This week, the New York Times devoted two full pages of its print paper to the 280 or so "people, places and things Donald Trump has insulted on Twitter since declaring his candidacy for president." I took the liberty of putting the text of those tweets into a database and crunching some of the associated numbers, assuming it would lead to an insightful analysis of Mr. Trump's psyche. I assumed wrong. What it does show, however, is not without value, albeit mostly entertainment. Here are the
And he sensed, better than anyone, the wellsprings of hate and resentment lurking beneath the surface of American life. Probably because he too raged with hate and resentment.
Thirty years ago, Mr. Trump was funny. In 1991, the great Mike Royko wrote a column entitled, “Trump, Marla Maples Good for the Nation.”
Today, the title sounds jarring, especially from a tough-guy newspaper columnist, but Royko had a point:
“Browsing through the news wires the other day,” Royko wrote, “I was becoming depressed. The economy is sagging, with leading indicators down, up or wherever they shouldn't be; AIDS on the rise; public confidence down; Japan on the rise; the United States in decline; illegitimate births on the rise; new jobs in decline.
“Then I brightened. There was the latest story about The Donald and the lovely Marla.”
Four years ago with Jon Stewart signing off the nightly airwaves and Stephen Colbert leaving the relative freedom of Comedy Central for the more tightly regulated network world, I worried about the future of political satire on TV. But as of last weekend, I am officially worried no more.
Mr. Trump, of course, is still something of a National Goofball. What are we to make of a man who insists, despite photographic evidence, that his inaugural crowd was the largest in history? Who insists, despite recorded public testimony to the contrary, that he and his national security team are “on the same page.”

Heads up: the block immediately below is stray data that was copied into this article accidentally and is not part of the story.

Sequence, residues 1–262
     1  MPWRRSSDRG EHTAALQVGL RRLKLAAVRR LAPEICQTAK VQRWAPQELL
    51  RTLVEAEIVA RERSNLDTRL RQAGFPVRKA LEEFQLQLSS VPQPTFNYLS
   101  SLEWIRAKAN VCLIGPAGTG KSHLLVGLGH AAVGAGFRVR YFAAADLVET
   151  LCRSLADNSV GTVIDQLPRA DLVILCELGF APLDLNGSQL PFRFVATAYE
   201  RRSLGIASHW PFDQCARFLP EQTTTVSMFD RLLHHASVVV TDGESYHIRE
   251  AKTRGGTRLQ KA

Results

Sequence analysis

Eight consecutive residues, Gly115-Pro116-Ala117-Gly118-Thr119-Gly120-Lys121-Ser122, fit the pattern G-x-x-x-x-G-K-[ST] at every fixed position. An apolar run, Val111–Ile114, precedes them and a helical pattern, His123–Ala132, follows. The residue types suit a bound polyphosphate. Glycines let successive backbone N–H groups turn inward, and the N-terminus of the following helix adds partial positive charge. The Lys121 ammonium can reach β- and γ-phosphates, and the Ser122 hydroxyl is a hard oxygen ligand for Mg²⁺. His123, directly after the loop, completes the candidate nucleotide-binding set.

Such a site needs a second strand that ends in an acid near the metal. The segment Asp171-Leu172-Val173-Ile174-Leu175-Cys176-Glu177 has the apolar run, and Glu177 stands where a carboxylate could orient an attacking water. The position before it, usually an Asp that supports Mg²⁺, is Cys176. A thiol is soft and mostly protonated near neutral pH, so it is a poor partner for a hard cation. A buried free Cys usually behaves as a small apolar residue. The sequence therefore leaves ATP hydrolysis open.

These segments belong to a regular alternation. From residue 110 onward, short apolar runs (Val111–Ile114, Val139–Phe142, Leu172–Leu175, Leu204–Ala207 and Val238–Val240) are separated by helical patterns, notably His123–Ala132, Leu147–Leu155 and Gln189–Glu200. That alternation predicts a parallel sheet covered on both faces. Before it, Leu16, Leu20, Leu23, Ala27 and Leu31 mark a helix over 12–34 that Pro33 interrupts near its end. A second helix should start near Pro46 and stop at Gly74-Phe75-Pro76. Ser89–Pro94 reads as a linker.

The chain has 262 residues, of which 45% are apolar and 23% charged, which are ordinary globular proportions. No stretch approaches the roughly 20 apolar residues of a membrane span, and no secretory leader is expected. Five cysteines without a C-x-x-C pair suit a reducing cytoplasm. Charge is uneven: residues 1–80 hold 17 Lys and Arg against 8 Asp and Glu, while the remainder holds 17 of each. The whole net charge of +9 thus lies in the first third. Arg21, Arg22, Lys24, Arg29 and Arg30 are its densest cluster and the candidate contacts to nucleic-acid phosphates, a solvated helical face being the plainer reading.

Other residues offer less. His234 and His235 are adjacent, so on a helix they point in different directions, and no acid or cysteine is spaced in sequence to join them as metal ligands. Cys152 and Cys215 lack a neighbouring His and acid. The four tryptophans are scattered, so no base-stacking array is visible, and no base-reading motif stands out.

Who brags of having a larger “nuclear button?”
All achieve the surreal. But the first was the last echo of Mr. Trump as a figure of fun. The last two — two of many, many troubling actions and statements by Mr. Trump as president — are beyond parody. They are not funny.
Shakespeare understood this. He created many comic characters. His most famous, Falstaff, is something of a spiritual twin to Mr. Trump.
Except for Falstaff’s penchant for pubs and Mr. Trump’s affinity for golf courses, they’re nearly interchangeable. Why couldn’t one be as funny as the other?
But unlike Mr. Trump, Falstaff never held power. Shakespeare didn’t even allow him near positions of power.
When his pal the merry Prince Hal becomes king, Falstaff assumes he’ll have a place at the royal court. Instead, King Henry V rejects him; publicly, coldly. Shakespeare knew there was nothing funny about such a character having the king’s ear.
Now we have a Falstaff-like character not with mere access to the president; he is the president.